by Ally Bailey
For as long as there have been men in the arts, there have been women as well. The problem is, until now, no one has spotlighted or even recognized most of their work, and it has been buried beneath the masculine sands of time. But the arrival of the internet and the rise of social media has begun to change this, providing women around the world with a more versatile and accessible means of creating art and allowing others to see it. Instead of being held back by the constraints of expensive materials or business contacts, female artists are being given a chance to operate on an equal footing with their male counterparts, broadening the diversity of the arts in a global way.
For a multitude of reasons, women’s work in the arts haven’t been remembered by history. Hannah Hoch, the German Dada artist responsible for the photo-collage craze of the 20th century, barely gets mention in most art history textbooks. Sofia Coppola is consistently outshined by her father in the media, though her work is undoubtedly more complex in many areas. There are too many amazingly talented contemporary female rock stars to count, but it’s Britney Spears and her auto-tuned backbeats that domineer the airwaves. Let’s face it: the standard for women in the art world is to be pretty, made up sidekicks, and not the opening act. But the internet has the potential to be the great equalizer: it has no automatic censorship that pushes women to the periphery, no built in prejudice or bias against the art that women create. The tangible, text-based publishing world of the 20th century that commandeered the arts is on the precipice, it no longer holds sway with the rising generations. The internet allows anyone to create and express as they see fit, pushing the boundaries of possibility to new heights through availability and equal access.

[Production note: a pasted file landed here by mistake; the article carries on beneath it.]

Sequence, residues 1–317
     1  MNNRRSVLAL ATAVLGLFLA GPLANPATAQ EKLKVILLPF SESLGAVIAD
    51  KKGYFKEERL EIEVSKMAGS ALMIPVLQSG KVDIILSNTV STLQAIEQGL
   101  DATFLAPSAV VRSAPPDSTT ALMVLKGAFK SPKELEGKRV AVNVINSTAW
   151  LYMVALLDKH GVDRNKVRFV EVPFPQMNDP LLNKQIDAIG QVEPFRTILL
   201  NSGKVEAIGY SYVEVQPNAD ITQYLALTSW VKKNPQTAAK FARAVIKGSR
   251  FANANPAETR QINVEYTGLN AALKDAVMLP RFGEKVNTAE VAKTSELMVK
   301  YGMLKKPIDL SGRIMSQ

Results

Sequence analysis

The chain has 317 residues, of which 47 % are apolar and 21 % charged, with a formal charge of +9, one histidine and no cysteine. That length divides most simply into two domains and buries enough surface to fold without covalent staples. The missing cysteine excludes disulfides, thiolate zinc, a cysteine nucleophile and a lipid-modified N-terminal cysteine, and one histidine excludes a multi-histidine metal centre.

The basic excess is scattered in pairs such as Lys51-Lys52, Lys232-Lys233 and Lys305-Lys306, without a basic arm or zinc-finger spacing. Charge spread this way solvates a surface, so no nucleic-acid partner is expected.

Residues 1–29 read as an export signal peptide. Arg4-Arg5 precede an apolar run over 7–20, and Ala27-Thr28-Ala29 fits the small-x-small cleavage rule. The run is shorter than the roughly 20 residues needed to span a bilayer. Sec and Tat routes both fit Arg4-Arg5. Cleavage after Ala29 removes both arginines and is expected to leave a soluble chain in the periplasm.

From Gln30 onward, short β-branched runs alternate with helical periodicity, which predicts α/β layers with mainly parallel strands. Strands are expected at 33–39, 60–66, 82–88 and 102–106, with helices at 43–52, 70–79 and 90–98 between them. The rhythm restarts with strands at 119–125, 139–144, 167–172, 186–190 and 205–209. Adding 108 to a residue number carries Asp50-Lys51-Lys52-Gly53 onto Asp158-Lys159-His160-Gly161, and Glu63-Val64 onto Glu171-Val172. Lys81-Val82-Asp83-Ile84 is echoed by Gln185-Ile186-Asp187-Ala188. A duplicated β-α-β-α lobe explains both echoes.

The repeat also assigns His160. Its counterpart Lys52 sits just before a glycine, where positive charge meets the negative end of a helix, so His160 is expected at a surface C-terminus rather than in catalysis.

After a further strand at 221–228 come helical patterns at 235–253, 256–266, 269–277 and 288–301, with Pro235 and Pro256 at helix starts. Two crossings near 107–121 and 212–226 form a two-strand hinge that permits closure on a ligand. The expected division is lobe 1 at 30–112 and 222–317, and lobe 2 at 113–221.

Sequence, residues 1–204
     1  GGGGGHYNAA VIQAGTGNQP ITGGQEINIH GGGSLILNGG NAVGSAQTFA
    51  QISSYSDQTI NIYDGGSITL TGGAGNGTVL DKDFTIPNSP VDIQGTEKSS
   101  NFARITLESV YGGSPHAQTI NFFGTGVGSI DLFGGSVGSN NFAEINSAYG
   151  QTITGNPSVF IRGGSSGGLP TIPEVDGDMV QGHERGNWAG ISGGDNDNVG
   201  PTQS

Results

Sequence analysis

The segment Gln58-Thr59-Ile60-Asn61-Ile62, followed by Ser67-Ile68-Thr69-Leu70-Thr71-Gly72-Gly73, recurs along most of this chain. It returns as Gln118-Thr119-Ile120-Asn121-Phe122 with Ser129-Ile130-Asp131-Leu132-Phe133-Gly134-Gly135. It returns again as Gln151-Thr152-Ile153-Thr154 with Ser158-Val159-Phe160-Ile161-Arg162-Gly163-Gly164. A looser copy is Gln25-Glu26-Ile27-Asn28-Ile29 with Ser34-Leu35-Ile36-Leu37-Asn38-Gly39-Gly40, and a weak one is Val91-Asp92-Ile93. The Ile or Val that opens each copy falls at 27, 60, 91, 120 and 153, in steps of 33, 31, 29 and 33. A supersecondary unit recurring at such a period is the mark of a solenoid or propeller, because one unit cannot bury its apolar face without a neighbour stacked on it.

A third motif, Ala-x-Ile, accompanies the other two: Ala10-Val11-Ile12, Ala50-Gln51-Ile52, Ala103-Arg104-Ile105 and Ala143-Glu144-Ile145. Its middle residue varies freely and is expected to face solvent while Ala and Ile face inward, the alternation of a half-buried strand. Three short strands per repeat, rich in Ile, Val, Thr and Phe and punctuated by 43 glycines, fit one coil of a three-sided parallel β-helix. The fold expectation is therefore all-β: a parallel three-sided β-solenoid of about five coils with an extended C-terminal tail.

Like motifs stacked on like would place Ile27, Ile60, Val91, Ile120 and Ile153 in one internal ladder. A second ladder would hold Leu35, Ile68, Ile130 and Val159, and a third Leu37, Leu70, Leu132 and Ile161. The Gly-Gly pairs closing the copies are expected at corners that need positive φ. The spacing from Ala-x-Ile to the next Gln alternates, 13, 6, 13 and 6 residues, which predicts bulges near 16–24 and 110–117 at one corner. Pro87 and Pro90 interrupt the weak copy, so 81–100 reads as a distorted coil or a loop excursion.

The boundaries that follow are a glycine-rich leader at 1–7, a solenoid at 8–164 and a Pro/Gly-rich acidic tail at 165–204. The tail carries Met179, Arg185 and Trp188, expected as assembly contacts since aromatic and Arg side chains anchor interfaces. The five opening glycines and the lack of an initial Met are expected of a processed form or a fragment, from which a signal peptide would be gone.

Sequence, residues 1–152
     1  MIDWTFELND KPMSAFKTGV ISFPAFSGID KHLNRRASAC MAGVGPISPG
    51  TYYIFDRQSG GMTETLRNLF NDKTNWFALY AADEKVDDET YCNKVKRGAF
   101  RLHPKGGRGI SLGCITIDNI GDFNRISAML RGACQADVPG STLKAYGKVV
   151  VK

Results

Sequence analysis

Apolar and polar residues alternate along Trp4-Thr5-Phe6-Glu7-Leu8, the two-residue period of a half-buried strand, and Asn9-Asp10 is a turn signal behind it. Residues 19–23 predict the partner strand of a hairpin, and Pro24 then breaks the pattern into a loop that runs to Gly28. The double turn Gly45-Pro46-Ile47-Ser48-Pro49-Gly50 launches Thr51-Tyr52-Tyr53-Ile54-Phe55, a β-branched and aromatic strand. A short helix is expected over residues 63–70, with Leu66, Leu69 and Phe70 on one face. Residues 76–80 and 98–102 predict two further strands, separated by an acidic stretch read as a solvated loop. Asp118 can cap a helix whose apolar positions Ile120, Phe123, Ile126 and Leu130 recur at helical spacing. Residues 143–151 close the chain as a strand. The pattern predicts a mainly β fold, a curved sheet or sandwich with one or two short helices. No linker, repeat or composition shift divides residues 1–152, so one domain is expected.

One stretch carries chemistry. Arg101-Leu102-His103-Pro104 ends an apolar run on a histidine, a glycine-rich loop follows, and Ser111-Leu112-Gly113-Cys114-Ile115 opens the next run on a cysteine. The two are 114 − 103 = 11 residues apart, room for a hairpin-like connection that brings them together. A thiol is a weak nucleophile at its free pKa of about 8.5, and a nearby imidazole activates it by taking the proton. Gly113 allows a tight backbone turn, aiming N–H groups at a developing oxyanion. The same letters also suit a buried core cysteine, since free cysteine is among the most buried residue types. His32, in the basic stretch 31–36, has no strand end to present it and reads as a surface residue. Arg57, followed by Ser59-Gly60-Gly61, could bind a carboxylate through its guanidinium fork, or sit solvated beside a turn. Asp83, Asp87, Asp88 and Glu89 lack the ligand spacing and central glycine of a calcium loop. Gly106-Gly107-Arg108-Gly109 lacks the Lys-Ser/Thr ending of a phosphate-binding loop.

Another vital part of the internet as a mode of creativity is its aspect of intrinsic collaboration and the way in which it provides the space for multiple sources of inspiration to work together. Because computers and the internet are now so widely used, they can be platforms for creative partnerships that would otherwise have been difficult. This is especially applicable for women, most importantly in the realm of breaking with the man-dominated artistic spectrum. There is strength in numbers- if you want to make a change in the gender-slanted media world, the way to do it is by teaming up with fellow artists with a similar cause. The internet allows groups of women to work together to create something that can then be launched into the wider media stratosphere, and this puts them in the formerly unheard of position of recognition through social media.
The end is near for the male cornering of the creative market- to its archaic mediums and chauvinistic ideology. Social media, we hope, will signal the much needed change in this epoch of the shift from the male controlled to a more gender equalized creative product. Artistic women have always been speaking, it’s only now that anyone knows how to listen.